A year after the Soviet Union tested the world’s largest thermonuclear weapon known as the Tsar Bomba. The United States conducted its own thermonuclear test in the South Pacific codenamed “Starfish Prime.”

While its 1.4-megaton blast paled in comparison to the Tsar Bomba’s 50 megatons, it was the largest high-altitude nuclear test ever attempted.

The blast generated waves of charged particles traveling across the earth’s magnetic field. The microwave energy set off burglar alarms wiped out street lights and tripped powerline circuits in Honolulu more than 800 miles away from the blast.

The terrifying results unintentionally brought in a new era of weaponry. Non-kinetic weapons, which include high-powered microwaves or HPM’s can wreak havoc on an enemy’s weapons systems. For example, it can shut down operations within a millionth of a second and without hurting people.

Radio frequencies are all around us. The AM and FM signal beaming to your car sits in the kilohertz and megahertz frequency range. Your home’s Wi-Fi router typically will operate between the 2 and 5 gigahertz range.

J. Mark Delgrande is the chief technology officer of Verus Research in Albuquerque. High-powered microwave systems are a keystone of the work done in this facility which could have a variety of applications in the future. “Say, an adversary wanted to put a radio and communications tower on top of a hospital. Well, I can use a high-power microwave system to take out the communications center without putting a bomb through the hospital,” said Delgrande.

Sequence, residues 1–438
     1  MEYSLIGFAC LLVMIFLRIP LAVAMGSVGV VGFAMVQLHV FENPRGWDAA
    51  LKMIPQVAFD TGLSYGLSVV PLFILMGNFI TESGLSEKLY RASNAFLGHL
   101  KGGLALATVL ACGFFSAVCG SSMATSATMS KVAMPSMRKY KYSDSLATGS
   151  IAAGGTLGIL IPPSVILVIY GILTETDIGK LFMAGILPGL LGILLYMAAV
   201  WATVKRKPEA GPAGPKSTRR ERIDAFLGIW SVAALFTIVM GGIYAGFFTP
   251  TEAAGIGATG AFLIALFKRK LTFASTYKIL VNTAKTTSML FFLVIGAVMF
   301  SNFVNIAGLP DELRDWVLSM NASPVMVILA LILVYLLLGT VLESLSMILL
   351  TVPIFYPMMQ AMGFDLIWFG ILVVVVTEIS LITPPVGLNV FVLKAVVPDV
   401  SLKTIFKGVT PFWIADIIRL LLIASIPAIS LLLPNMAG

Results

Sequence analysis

In the early days of HPM research, the power needed to generate such pulses required large, heavy equipment not ideal if that equipment was on an airplane. So the challenge for mechanical engineers like Lucas Ridgeway has been to make an emitter powerful enough to do the job, but small enough to take flight.

In 2012 Boeing announced a successful test of the counter-electronics high-powered microwave advanced missile project of “CHAMP.” The project was a collaboration between the Air Force Research Laboratory, the Directed Energy Directorate, and Kirtland Air Force Base.

CHAMP was able to shut down several different targets before self-destructing, ensuring the technology wouldn’t fall into enemy hands in a theater of combat.

As with the development of nuclear weapons, if the US has the technology, it’s only a matter of time before other nations have an HPM program too.

While much of the current research is still under wraps, Delgrande says the real-world applications of HPMs aren’t limited to the military. Non-lethal deterrents could be used by law enforcement for crowd control and SWAT situations enforcing the technology’s ultimate goal… deesclating dangerous scenarios while saving lives.

HPMs are just part of the projects taking place at Verus Research. They are also working on applied nuclear research, system engineering and software development for clients across the country.